Raghu On Tech

Pro tips on managing data at scale

What Are Column Group Statistics ?

by | May 2, 2019 | 0 comments

In this blog post I am going to talk about how DB2 optimizer can underestimate or overestimate join ratios or cardinalities resulting from join operations and a few other situations. This topic is very broad and need multiple other blog entries to cover in detail. However in this blog post at a very high level I will cover an interesting problem that I ran into recently and how I managed to fix the problem with Column Group Statistics (CGS).

At a high level even marginal cardinality misestimates can lead to incorrect and/or expensive access paths.

How Does This Problem Manifest In The Access Path ?

There are many places where you may find the symptoms of the issue. Some of them are listed below

  • Cardinalities coming out of operators are significantly different from the actual rows that are supposed to arrive from the operator. Below image shows how to check the cardinality for an operator from an db2exfmt. Your format may change depending on what options you provide as part of running db2exfmt.

  • Access path shows the use of nested loop joins where you would expect a hash join or vice versa due to cardinality under/over estimation.
  • Use of a wrong index to satisfy a join or non-join predicate.
  • You are joining multiple tables, usually more than three and you don’t have supporting indexes on the join predicates. This is a common problem in most of the RDBMS not just DB2.

Identifying The Problem:

You suspect the cardinality estimates are off and you should be able to prove it in one of the following ways.

  • Running parts of the SQL with joins and local predicates for parts of the access plan and comparing them with the cardinalities shown by the db2exfmt output.
  • Second and better way is to use DB2’s db2caem utility. Although, its important to note that it creates a temporary activity event monitor behind the scenes to capture the actual row counts at each step of the explain.
  • You see that the actual rows returned at the at the end of the explain plan are significantly different from the rows that SQL is returning. An e.g. of how the top of the explain looks is shown below.



As per the above part of the explain plan, 3819 rows are being returned, cost of the total plan is 267020 and it requires an estimated 44521 IO’s to satisfy the SQL request. However in my specific case it is far from reality. SQL is fetching close to 5 Million (5,000,000) rows.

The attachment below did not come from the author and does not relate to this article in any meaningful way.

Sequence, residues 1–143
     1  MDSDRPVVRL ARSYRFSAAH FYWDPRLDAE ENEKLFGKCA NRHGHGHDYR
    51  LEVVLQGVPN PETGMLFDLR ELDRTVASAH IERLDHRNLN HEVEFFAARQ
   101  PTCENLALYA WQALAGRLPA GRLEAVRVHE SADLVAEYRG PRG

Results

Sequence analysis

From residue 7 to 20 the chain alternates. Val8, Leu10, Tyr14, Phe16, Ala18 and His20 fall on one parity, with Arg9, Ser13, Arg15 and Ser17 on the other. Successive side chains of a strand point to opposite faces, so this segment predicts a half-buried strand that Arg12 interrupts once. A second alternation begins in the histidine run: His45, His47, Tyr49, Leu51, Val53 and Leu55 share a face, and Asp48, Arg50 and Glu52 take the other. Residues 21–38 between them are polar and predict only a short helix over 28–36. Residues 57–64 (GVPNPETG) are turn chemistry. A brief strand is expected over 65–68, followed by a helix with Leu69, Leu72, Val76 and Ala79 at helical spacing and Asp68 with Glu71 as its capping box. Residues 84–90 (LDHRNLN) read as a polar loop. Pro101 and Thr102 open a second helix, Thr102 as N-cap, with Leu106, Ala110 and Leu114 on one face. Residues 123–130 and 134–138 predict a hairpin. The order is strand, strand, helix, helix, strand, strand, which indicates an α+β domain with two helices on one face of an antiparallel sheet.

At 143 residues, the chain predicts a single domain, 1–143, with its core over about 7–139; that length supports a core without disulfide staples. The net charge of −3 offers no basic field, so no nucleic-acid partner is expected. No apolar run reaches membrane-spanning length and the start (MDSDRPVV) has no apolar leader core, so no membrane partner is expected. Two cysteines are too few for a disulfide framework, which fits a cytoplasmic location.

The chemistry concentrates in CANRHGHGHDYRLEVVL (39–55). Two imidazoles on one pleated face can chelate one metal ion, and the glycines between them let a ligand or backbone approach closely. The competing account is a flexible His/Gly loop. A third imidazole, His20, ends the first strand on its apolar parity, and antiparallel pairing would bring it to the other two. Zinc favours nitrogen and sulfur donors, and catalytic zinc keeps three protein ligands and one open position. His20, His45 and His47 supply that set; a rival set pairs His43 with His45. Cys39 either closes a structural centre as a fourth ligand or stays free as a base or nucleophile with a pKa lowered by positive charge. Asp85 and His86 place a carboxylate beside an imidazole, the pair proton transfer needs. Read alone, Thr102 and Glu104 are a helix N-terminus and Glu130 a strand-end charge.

Note: The explain output should be read from Bottom Up Left To Right.

This Specific Case:

So I know in my case 3.8 K rows are no where close to 5 Million rows I am anticipating. Below are the things that I tried before I had luck with solving this problem.

  • Checked if all the statistics are current.
  • Re-ran the statistics thinking that it would magically solve the problem 🙂
  • Created statistical views on the parts of the SQL that I thought are complex to optimize for DB2 but still no luck.
  • Used OPTGUIDELINES to force the optimzer to take a certain path i.e. use a certain index and a type of join, it worked, but I did not want this to be a permanent solution.

My SQL’s FROM and JOIN/Local predicates look like below.

As I mentioned above, multiple tables are involved in the JOIN’s, some low cardinality and some high cardinality columns are involved in the join predicates. But not all the columns that are participating in the join are indexed due to the concensus among the DBA’s. As the Index may only benefit this one specific query and not others. Too many indexes on your table(s) especially if the columns that are part of the Index are highly volatile (i.e. updatable) could slow down your write performance and spike up CPU utilization.

Fixing The Problem:

How would you fix the problem the right way by helping the optimizer with better statistics ? Runstats do a fantastic job gathering distribution, frequency and quantile statistics, however, they fail to collect Statistics for join ratios accurately i.e. how many records are there in TABLE 2 where its ID is equal to a given ID from TABLE 1 etc ?